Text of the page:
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Re: can i do ODE2 problems with lsode ?

From: Ian Searle
Subject: Re: can i do ODE2 problems with lsode ?
Date: Thu, 30 Nov 1995 13:05:27 -0800

> Hi gang;
>       I have been trying to do some neural-net and dynamical systems 
> stuff that i have been assigned as homework.
>       This means i need to solve ODE's and sytems of ODE's. Octave has 
> dassl and lsode for this purpose. I am not sure how i need to pre process 
> my equations to get them into a form that lsode or dassl would be willing 
> to digest.
>       The example in the manual for lsode is pretty good, the entry for 
> dassl does not have an example, but the description seems pretty complete.
>       Here is the function that i want to try and solve first, since i 
> think it is a "simple" example of what comes in the real stuff.
>       d^2 x                       dx
>       ----- + lambda*( x^2 - 1 )* -- + x = 0
>         dt^2                        dt         
> so we can plunk 3 in for lambda, this is supposedly an equation from a 
> matlab demo, but i dont have matlab, so i dont know.

Looks like Van der Pol's equation.

> my problem is that this is a 2nd order eq and lsode looks like it only 
> wants 1rst order eq's.
>       Now, i *thought* that any nOrder ode can be represented as an 
> Nsystem of 1rst order diffeq's. I starting to think that i hallucinated 
> this fact because i cant seem to find any example of this in either 
> Boyce/DiPrima or Jordan/Smith, which are the two textbooks on the subject 
> of ode's that i have at my disposal.
>       So, did i hallucinate this? If not, can anybody provide any 
> suggestions as to how i might implement this?
> tks folks, please feel free to tell me if u think this was an 
> inapropriate use of the list.

Seems appropriate?, as long as you are not using this list to do your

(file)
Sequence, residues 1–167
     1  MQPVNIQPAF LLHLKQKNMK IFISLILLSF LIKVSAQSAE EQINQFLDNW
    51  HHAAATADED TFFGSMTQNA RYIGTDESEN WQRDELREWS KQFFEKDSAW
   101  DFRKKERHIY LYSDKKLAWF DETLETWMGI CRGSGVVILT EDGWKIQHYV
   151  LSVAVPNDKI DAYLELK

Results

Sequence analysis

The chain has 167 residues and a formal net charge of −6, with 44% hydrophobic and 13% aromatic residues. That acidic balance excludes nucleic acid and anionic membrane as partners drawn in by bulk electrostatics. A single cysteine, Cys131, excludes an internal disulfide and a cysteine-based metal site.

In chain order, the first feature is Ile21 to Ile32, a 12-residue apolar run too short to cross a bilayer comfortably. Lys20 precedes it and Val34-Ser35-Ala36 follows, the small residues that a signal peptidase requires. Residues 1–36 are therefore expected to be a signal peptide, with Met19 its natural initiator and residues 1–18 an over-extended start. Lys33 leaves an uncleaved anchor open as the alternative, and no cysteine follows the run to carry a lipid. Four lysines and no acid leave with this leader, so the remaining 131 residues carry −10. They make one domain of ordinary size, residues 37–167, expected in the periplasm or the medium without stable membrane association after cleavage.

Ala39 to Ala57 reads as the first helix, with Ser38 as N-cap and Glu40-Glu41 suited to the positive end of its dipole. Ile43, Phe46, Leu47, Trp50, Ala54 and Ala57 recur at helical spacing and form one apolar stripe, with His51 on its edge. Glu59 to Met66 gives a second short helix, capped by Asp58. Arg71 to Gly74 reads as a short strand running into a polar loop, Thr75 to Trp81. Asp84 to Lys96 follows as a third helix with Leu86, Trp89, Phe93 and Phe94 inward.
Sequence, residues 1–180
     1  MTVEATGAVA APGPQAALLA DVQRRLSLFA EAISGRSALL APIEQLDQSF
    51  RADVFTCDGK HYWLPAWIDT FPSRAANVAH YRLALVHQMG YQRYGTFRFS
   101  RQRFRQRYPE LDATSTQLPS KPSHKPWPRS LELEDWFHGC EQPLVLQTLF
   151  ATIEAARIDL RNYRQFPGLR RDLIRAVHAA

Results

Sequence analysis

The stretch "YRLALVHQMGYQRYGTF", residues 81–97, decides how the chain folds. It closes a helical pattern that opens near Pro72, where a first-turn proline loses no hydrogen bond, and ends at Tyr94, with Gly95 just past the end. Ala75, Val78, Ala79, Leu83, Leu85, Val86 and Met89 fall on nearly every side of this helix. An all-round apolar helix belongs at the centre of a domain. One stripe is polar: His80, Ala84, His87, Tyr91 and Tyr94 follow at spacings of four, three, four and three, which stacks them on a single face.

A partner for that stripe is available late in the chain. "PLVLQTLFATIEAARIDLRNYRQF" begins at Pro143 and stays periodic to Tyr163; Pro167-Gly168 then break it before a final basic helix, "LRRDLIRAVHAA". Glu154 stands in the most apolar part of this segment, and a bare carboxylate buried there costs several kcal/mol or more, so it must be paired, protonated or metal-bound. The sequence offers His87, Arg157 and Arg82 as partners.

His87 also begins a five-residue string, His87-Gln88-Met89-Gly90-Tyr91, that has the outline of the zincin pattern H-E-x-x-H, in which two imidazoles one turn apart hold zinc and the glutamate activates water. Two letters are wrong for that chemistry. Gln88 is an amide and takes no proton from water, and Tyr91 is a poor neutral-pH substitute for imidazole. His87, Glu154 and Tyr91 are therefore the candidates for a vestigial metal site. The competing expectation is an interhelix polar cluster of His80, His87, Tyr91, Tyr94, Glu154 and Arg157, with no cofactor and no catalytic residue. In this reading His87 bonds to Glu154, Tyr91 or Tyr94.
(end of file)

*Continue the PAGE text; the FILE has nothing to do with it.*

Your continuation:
homework :-) Anyways, it is a little coincidental that I have been
working on this very same example for an article. So, here it is. This
is rlab, but you ought to be able to translate easily.

vdpol = function ( t , x ) 
  global (mu)
  xd[1] = x[1] * mu*(1-x[2]^2) - x[2];
  xd[2] = x[1];
  return xd;

(I'll try...)

function xd = vdpol(t,x)
xd(1) = x(1) * mu*(1-x(2)^2) - x(2);
xd(2) = x(1);

The jist is to create 2N 1st order equations from N 2nd order
equations. Most linear systems theory books cover this. Chen's is one
of my favorites (mostly because I suffered through it in Alexandro's
class). The variable substition that gets you there is (hope you can
read TeX):


  Most often structural systems of equations are expressed in $2^{nd}$
  order differential equation format:

  \[ \left[ M \right] \left\{ \ddot{x} \right\} + \left[ K \right]
  \left\{ x \right\} = \left\{ F \right\} \]

  A State Space model is an equivilent representation in $1^{st}$
  order differential equation format. The equations are derived via
  a simple coordinate transformation:

  \[ x_1 = x \]
  \[ \dot{x}_1 = \dot{x} = x_2 \]

 To generate a $2N$ set of $1^{st}$ order equations:

  \[ \left\{ \begin{array}{c} \dot{x}_1 \\ \dot{x}_2 \end{array} \right\} 
      = \left[ \begin{array}{cc} 0 & I \\ -M^{-1} K & -M^{-1} C \\
               \end{array} \right]
             \left\{ \begin{array}{c} x_1 \\ x_2 \end{array} \right\} +
             \left[ \begin{array}{c} 0 \\ M^{-1} \\
              \end{array} \right]
              \left\{ \begin{array}{c} F_1 \\ F_2 \end{array}\right\}   \]


  \[ \begin{array}{ll} x_1  & position \\
                  \dot{x}_1 & velocity \\
                       x_2  & velocity \\
                 \dot{x}_2  & acceleration \\ \end{array} \]


I would highly recommend working through this variable subsititution
until you are very comfortable with it. There is a good chance you
will need it _many_ times in the future.


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